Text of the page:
Tropical Depression Delta Advisory Number 24
NWS National Hurricane Center Miami FL AL262020
1000 AM CDT Sat Oct 10 2020
...DELTA WEAKENS TO A DEPRESSION OVER WESTERN MISSISSIPPI...
...HEAVY RAIN THREAT CONTINUES...
SUMMARY OF 1000 AM CDT...1500 UTC...INFORMATION
ABOUT 65 MI...105 KM NNW OF JACKSON MISSISSIPPI
MAXIMUM SUSTAINED WINDS...35 MPH...55 KM/H
PRESENT MOVEMENT...NE OR 35 DEGREES AT 16 MPH...26 KM/H
MINIMUM CENTRAL PRESSURE...994 MB...29.36 INCHES
WATCHES AND WARNINGS
There are no coastal watches or warnings in effect.
DISCUSSION AND OUTLOOK
At 1000 AM CDT (1500 UTC), the center of Tropical Depression Delta
was located near latitude 33.1 North, longitude 90.8 West. The
depression is moving toward the northeast near 16 mph (26 km/h),
and this motion is expected to continue with a decrease in forward
speed through Sunday night. On the forecast track, the center of
Delta should move across western and northern Mississippi today and
into the Tennessee Valley tonight and Sunday.
Maximum sustained winds have decreased to near 35 mph (55 km/h)
with higher gusts. Additional weakening is expected, and Delta is
expected to decay to a remnant low pressure area on Sunday.
Greenwood, Mississippi, recently reported a wind gust of 43 mph
(69 km/h), and an automated station near Monticello, Arkansas,
recently reported a wind gust of 41 mph (66 km/h).
The minimum central pressure estimated from surface observations is
994 mb (29.36 inches).
HAZARDS AFFECTING LAND
Key messages for Delta can be found in the Tropical Cyclone
Discussion under AWIPS header MIATCDAT1, WMO header WTNT41
KNHC, and on the web at www.hurricanes.gov/text/MIATCDAT1.shtml.
WIND: Wind gusts to tropical-storm force are possible this
afternoon over portions of northern Mississippi and southeastern
STORM SURGE: Water levels will continue to subside today along the
Louisiana coast. Consult products issued by your local National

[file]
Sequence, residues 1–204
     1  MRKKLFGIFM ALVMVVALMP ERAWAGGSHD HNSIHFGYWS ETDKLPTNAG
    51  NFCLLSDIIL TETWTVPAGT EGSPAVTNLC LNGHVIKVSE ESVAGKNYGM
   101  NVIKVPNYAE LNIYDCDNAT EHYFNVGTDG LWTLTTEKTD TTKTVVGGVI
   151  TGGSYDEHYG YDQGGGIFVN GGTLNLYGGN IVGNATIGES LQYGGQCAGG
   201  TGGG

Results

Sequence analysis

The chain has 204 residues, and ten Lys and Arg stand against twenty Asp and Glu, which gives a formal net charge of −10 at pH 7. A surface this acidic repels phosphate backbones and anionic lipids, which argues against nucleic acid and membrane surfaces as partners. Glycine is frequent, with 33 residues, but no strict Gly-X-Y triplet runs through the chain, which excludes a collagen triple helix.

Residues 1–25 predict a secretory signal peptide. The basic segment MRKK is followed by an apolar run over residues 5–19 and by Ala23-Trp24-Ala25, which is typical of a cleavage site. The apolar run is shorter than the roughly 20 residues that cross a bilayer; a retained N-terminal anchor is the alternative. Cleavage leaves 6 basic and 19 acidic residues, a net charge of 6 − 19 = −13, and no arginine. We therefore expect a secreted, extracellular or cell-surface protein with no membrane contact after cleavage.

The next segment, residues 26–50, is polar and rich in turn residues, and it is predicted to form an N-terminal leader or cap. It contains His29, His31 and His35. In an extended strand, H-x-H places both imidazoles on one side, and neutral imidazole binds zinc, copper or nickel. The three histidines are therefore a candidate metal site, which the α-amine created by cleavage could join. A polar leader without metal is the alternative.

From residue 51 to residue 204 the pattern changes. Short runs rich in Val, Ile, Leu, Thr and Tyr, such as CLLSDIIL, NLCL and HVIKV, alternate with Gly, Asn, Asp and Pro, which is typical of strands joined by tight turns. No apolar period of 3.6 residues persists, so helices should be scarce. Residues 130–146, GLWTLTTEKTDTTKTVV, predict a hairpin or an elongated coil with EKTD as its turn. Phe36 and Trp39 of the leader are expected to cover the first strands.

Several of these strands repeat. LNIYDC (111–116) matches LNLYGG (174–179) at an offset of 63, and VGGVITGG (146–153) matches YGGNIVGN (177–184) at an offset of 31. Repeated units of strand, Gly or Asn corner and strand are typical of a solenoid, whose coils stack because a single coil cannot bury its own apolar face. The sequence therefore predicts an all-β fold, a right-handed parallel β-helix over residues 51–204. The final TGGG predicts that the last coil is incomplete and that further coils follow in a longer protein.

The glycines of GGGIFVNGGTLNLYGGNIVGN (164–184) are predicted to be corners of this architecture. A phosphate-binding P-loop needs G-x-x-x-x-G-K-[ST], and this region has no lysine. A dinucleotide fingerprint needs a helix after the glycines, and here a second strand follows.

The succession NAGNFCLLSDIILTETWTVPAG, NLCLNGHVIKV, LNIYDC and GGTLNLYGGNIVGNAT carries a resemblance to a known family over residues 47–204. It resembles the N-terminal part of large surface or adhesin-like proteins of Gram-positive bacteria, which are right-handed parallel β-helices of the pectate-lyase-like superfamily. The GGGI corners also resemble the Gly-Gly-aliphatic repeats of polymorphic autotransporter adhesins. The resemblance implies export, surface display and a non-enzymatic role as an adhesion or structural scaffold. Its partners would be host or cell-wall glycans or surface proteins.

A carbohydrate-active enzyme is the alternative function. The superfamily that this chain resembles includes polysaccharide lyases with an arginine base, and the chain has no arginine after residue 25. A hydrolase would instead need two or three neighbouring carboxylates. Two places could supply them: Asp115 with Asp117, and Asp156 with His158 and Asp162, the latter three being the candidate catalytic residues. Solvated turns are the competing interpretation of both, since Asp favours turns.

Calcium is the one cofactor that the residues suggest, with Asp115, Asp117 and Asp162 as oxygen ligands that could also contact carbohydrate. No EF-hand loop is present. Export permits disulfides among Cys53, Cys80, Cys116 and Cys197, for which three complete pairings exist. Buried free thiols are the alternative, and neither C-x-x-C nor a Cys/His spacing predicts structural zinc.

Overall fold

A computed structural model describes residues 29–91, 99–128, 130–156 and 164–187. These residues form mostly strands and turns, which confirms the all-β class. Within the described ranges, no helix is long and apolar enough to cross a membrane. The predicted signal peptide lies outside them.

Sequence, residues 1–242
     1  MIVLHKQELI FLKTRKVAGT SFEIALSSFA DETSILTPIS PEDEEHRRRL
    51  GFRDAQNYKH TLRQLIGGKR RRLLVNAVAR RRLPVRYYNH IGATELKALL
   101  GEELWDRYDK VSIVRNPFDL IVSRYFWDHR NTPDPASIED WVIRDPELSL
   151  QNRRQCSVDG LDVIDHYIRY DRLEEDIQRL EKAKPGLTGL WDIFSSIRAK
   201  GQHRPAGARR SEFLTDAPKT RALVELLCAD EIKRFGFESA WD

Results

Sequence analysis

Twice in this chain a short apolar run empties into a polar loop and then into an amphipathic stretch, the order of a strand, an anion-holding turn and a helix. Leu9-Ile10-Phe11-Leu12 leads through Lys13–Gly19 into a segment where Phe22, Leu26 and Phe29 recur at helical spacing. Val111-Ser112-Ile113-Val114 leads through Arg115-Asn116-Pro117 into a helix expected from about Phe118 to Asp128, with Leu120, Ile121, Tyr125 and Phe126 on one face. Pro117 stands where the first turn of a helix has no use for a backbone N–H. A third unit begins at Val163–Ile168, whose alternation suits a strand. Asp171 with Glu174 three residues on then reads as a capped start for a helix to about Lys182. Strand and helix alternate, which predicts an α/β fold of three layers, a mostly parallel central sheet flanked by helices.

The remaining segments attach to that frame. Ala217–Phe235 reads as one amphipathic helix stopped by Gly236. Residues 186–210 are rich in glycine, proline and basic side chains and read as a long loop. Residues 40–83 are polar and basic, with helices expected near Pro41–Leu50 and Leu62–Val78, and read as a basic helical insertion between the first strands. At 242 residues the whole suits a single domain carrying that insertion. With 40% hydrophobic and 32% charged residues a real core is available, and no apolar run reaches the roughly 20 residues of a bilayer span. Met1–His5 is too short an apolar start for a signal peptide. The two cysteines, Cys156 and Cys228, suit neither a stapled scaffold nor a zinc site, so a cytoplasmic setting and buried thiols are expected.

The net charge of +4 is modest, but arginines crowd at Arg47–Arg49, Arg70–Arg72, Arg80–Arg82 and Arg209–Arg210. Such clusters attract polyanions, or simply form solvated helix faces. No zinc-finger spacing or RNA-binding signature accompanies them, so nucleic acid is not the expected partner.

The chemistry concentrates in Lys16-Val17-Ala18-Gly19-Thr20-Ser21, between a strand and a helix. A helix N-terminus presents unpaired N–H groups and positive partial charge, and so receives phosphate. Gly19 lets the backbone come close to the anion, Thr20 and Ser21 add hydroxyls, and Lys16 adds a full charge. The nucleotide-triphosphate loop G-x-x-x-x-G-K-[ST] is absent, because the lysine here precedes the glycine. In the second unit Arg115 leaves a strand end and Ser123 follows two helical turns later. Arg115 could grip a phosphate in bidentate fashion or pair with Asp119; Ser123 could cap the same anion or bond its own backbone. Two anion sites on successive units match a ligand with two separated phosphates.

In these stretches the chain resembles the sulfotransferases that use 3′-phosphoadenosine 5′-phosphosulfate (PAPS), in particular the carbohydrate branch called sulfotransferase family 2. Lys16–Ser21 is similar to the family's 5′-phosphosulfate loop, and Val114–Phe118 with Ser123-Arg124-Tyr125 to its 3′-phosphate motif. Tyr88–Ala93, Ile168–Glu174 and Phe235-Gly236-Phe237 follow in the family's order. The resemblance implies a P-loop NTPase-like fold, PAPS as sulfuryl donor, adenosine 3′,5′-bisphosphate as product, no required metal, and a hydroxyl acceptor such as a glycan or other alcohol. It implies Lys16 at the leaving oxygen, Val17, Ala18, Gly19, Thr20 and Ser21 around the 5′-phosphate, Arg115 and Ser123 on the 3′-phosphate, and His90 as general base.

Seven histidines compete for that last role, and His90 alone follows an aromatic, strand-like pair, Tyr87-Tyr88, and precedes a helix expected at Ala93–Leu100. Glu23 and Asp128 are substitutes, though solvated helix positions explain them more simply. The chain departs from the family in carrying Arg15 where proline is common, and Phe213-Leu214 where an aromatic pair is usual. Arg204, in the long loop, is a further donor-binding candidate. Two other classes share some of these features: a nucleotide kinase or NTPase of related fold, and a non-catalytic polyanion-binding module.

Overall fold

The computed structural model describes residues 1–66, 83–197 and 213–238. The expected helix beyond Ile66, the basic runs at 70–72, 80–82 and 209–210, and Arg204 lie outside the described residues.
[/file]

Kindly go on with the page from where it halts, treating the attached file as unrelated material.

Weather Service forecast office for additional information.
RAINFALL: For eastern Arkansas and northern Mississippi, Delta is
expected to produce an additional 2 to 4 inches of rain, with
isolated storm totals of 10 inches. These rainfall amounts will lead
to flash, urban, small stream, and minor river flooding.
As the remnants of Delta move further inland, 1 to 3 inches of rain,
with locally higher amounts, are expected in northern Alabama and
the Tennessee Valley into the Mid-Atlantic through the weekend.
There is a potential for 3 to 6 inches in the Southern to Central
Appalachians, which could lead to flash, urban, small stream, along
with isolated minor river flooding.
TORNADOES: A few tornadoes are possible across parts of Alabama,
the Florida Panhandle, and western Georgia through early tonight.
SURF: Swells from Delta are gradually subsiding along the northern
Gulf coast. Please consult products from your local weather office
for additional information.
This is the last Public Advisory issued by the National Hurricane
Center on this system. Future information on this system can be
found in Public Advisories issued by the Weather Prediction Center
beginning at 4 PM CDT, under AWIPS header TCPAT1, WMO header
WTNT31 KWNH, and on the web at http://www.wpc.ncep.noaa.gov.